June 3-5, 2015 (iDigBio API Hackathon) – Team Integration blog, by Jorrit Poelen (Global Biotic Interactions), Dmitry Mozzherin (Global Names), Jon Lauters (U. of Colorado), Scott Bates (MacroFungi TCN, MacroAlgal TCN), Mike Trizna (Smithsonian), Nelson Rios (Tulane University, GEOLocate), Alex Thompson (iDigBio)
During the early stages of the hackathon, we talked about the proliferation of data and identifiers across all the databases, and the difficulties of making meaningful connections. For some members of our group, the difficulties were linking together related species, often based only on taxonomic name strings. For others, it was taking those name strings and making use of them to update collection taxonomies or create integrated views of the global taxonomic namespace. One member of our group, Dmitry, had already developed an algorithm for generating reliable identifiers for taxonomic names. We also talked about the difficulty of orchestrating the computation required for identifiers and linking. We decided that the best way to focus our efforts for the hackathon would be to build a series of Apache Spark jobs, to offload the complexity of building a scalable data pipeline, so we could focus only on the implementation. The planning for the activities of the interoperability group can be found in detail in our Hackathon Notes, and the designed workflow is shown below.
The target for the Spark installation was to build out jobs that could be used to augment the data in the existing iDigBio dataset with Global Names Architecture compatible name identifiers, as well as linking out to GenBank specimens, thanks to a regular expression provided by Mike Trizna (see below) to canonicalize the GenBank identifiers in iDigBio. The spark job created to process large amounts of iDigBio was able to scale from a laptop to a powerful 32 core server without any modifications to the job. This shows the benefits of Apache's Spark - after "sparkizing" the processing algorithms, large amounts of data can be processed on small (laptop) and large (server) servers, where spark figures out how to optimally use the available resources.
Spark jobs can be implemented in Scala, Java and Python. An early attempt to implement the job in Python caused the process to crash due to an out of memory issue. A later implementation in Scala was stable on both small (macbook) and large (32 core server) system. This seems to suggest that Python support might require additional configuration tweaking to get the jobs to complete reliably, while the Scala implementation work without any configuration changes.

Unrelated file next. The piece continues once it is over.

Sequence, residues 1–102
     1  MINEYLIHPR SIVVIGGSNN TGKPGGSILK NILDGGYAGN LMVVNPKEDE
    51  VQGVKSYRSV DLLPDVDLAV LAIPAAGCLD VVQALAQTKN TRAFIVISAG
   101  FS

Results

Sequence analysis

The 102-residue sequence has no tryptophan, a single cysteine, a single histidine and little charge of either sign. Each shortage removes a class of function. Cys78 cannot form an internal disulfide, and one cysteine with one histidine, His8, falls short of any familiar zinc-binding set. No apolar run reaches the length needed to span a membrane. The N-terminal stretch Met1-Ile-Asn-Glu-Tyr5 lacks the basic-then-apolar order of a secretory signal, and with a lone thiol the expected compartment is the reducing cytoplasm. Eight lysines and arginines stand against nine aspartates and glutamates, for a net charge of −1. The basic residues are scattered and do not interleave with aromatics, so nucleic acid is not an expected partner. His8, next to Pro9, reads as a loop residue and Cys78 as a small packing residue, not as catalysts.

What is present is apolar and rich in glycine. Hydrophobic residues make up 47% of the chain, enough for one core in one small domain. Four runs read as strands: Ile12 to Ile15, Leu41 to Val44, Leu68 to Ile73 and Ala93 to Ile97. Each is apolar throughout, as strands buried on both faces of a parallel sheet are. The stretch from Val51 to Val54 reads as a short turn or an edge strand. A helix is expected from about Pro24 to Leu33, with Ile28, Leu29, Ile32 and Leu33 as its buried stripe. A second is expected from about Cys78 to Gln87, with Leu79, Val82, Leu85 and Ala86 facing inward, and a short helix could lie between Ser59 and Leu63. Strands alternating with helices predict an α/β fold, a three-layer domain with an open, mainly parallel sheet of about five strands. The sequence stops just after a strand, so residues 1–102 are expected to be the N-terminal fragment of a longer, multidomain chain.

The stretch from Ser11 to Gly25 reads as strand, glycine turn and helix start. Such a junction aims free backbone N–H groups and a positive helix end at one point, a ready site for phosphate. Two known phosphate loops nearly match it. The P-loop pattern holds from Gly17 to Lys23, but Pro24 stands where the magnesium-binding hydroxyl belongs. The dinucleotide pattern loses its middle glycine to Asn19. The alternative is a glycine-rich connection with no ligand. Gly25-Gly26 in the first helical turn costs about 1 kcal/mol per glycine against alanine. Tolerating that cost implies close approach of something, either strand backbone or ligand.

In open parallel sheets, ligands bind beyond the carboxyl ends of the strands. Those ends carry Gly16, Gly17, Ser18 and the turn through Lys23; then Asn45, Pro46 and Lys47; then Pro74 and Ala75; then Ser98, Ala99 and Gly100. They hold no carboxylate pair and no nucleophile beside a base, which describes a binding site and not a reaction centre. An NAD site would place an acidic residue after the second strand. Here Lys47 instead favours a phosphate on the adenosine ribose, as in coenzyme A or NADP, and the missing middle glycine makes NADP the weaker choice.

These preliminary results suggest that Apache Spark is suitable for stable and performant processing of large (~GB) datasets like iDigBio. Our implementation algorithms that link iDigBio to Global Names and GenBank will help make it easier to discover iDigBio specimen records and their associations with other web-connected resources. The code for our spark implementation can be found at idigbio-spark.
Jon Lauters was also able to take the output of the Spark jobs and create an overlay for the iDigbio Search API that augmented the available data with JSON-LD properties for automatic linked data integration, while the eventual target would probably be to get this integrated into the main iDigBio API codebase, he was able to get all the data loaded into a MongoDB instance, and build the overlay service without any need to modify . The code for the service can be found at iDigBio-LD, with a sample output below.
Integration between GEOLocate and iDigBio was developed by Nelson Rios, both to provide an overlay service to geo-reference idigbio records, and to build out geolocation services by utilizing the locality data already in iDigBio. One of the great challenges in this effort was to take advantage of georeference present in iDigBio without biasing GEOLocate with samples that introduce errors. Examples of these integrations can be found in github, and the web interface shown below.
Alex Thompson produced a simple twitter bot that uses the API and Python Client to send a picture of the specimens (shown below) within a bounding box when tweeted a location. It is currently running on the @idigbiobot twitter account, and the code is available on github.
Go back to read the other reports.